Washington: The World Bank said today that a rapid response is necessary to minimize the impact of the Zika virus outbreak on the economies of Latin America and the Caribbean.
With “a swift, well-coordinated international response,” the impact of the mosquito-borne disease will be modest, perhaps taking USD 3.5 billion, or 0.06 percentage points, off of gross domestic product (GDP) for the region this year.
But the island countries of the tourism-dependent Caribbean, where the disease has spread rapidly, could be hit by losses of more than one percent of GDP, the Bank said.
Caribbean and other tourism-dependent countries “may require additional support from the international community to stem the economic impact of the virus,” it said.
Those with the largest risk due to a fall in tourism include Jamaica, Cuba, the Bahamas, Antigua, Belize and Barbados, according to the Bank.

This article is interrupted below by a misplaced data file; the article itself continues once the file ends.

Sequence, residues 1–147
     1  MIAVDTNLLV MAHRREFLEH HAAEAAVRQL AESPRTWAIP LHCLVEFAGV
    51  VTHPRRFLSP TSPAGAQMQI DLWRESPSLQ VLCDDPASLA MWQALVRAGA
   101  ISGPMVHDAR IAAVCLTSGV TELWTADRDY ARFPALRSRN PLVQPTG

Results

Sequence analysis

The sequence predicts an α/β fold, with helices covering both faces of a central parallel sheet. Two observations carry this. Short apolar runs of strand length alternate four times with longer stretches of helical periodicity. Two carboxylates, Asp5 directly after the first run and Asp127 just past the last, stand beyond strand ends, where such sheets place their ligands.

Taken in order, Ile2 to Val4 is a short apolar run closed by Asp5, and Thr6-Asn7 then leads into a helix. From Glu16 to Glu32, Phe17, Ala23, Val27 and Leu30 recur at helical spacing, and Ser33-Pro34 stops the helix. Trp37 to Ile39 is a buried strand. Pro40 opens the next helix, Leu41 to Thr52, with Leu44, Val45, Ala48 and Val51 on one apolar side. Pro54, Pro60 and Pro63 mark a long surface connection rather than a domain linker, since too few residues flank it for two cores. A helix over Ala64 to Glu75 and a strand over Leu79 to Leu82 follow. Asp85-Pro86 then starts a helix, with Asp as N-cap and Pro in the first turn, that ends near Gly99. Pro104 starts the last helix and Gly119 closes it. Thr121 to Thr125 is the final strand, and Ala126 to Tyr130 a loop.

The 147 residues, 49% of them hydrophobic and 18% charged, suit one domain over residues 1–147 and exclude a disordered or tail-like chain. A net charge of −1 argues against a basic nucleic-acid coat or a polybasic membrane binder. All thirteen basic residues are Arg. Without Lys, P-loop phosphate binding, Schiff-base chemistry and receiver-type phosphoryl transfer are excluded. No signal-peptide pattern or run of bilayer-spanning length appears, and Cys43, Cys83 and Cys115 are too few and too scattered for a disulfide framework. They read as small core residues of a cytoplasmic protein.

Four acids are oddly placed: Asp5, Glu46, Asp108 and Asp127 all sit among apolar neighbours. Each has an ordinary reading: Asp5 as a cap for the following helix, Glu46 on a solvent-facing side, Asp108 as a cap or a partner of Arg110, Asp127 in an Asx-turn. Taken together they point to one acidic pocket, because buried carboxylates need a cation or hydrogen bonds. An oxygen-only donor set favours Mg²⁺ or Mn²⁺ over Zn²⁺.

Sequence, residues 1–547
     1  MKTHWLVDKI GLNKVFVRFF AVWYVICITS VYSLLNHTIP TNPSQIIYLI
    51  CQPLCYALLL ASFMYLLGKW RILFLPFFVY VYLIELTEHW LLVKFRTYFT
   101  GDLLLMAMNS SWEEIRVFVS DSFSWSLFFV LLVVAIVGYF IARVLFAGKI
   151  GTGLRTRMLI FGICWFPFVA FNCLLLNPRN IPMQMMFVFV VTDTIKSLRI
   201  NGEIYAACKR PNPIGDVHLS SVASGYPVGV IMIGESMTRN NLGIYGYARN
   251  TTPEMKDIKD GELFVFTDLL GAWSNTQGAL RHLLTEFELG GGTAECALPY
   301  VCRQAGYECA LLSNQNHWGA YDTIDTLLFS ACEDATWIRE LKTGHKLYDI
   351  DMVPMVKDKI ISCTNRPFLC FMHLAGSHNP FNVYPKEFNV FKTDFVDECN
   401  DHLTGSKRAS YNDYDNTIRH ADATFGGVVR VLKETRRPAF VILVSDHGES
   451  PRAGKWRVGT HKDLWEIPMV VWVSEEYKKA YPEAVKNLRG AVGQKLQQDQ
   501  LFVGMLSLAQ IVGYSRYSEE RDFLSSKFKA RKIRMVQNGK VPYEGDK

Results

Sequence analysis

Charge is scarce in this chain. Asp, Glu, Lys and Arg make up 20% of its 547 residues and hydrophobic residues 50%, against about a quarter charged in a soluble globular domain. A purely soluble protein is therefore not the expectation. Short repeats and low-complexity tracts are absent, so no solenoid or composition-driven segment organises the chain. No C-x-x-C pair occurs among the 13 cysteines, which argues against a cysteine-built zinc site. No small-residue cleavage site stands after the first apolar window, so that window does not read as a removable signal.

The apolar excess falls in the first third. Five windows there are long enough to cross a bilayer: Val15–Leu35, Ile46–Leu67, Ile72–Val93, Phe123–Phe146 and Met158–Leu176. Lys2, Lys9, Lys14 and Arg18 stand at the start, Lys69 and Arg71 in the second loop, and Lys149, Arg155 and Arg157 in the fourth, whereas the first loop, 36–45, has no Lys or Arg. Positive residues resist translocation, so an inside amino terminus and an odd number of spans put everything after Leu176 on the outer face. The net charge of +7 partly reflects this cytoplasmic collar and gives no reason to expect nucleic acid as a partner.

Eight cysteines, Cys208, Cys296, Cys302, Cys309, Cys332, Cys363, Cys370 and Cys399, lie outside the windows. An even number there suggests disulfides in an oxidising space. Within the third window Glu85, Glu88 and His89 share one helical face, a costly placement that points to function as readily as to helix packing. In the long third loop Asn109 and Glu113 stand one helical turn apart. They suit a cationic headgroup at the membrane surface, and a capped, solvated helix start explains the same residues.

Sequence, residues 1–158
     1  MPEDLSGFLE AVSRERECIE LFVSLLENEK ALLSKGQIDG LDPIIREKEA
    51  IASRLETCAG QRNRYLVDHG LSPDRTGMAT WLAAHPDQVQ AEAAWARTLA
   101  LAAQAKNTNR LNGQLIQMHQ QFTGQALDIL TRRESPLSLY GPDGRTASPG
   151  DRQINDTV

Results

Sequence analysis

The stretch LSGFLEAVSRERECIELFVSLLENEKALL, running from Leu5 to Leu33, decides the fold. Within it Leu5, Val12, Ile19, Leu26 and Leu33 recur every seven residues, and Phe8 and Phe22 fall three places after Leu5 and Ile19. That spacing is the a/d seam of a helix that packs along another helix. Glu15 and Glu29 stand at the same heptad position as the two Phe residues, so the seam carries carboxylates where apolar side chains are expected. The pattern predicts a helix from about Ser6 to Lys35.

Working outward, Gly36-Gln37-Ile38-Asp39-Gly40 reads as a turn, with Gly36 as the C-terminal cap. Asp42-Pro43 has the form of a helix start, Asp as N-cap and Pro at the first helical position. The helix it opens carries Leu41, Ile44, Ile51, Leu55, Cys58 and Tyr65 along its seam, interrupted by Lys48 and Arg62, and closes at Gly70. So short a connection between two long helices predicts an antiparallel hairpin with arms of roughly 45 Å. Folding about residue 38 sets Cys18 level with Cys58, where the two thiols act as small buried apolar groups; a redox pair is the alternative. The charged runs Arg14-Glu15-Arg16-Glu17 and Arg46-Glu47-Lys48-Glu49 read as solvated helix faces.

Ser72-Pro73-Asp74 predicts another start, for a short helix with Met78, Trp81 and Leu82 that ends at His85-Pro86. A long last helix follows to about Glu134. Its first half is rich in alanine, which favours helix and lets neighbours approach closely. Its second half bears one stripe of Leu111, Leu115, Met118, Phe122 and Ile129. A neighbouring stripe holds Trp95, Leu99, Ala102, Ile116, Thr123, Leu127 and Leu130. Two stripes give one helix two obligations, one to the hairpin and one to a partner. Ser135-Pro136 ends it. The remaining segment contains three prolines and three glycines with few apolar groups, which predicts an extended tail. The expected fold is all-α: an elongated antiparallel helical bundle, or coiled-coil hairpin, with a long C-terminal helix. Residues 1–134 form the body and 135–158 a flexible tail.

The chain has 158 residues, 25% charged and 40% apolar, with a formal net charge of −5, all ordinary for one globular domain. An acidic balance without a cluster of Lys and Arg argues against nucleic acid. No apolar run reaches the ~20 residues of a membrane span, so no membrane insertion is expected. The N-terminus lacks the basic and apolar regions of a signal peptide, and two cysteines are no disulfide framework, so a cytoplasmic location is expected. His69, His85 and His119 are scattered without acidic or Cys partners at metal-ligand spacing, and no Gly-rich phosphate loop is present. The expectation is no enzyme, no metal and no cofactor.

The study of the economic impact assumes that the biggest risk from the disease is for women of child-bearing age, due to the association of Zika with a rise in the rate of children born with microcephaly, or abnormally small heads.
However, it said that if Zika is also tied to the paralysis-causing Guillain-Barre syndrome, if transmission by sexual contact is confirmed or if the public becomes even more worried about the disease, the economic impact could be “significantly larger.”
The World Bank said it was making USD 150 million available “immediately” to the Latin America-Caribbean region to support countries affected by the Zika outbreak.
It said it had sent technical teams to affected countries and was ready to increase support if additional funds are needed.
“Our analysis underscores the importance of urgent action to halt the spread of the Zika virus and to protect the health and well-being of people in the affected countries,” said World Bank President Jim Yong Kim.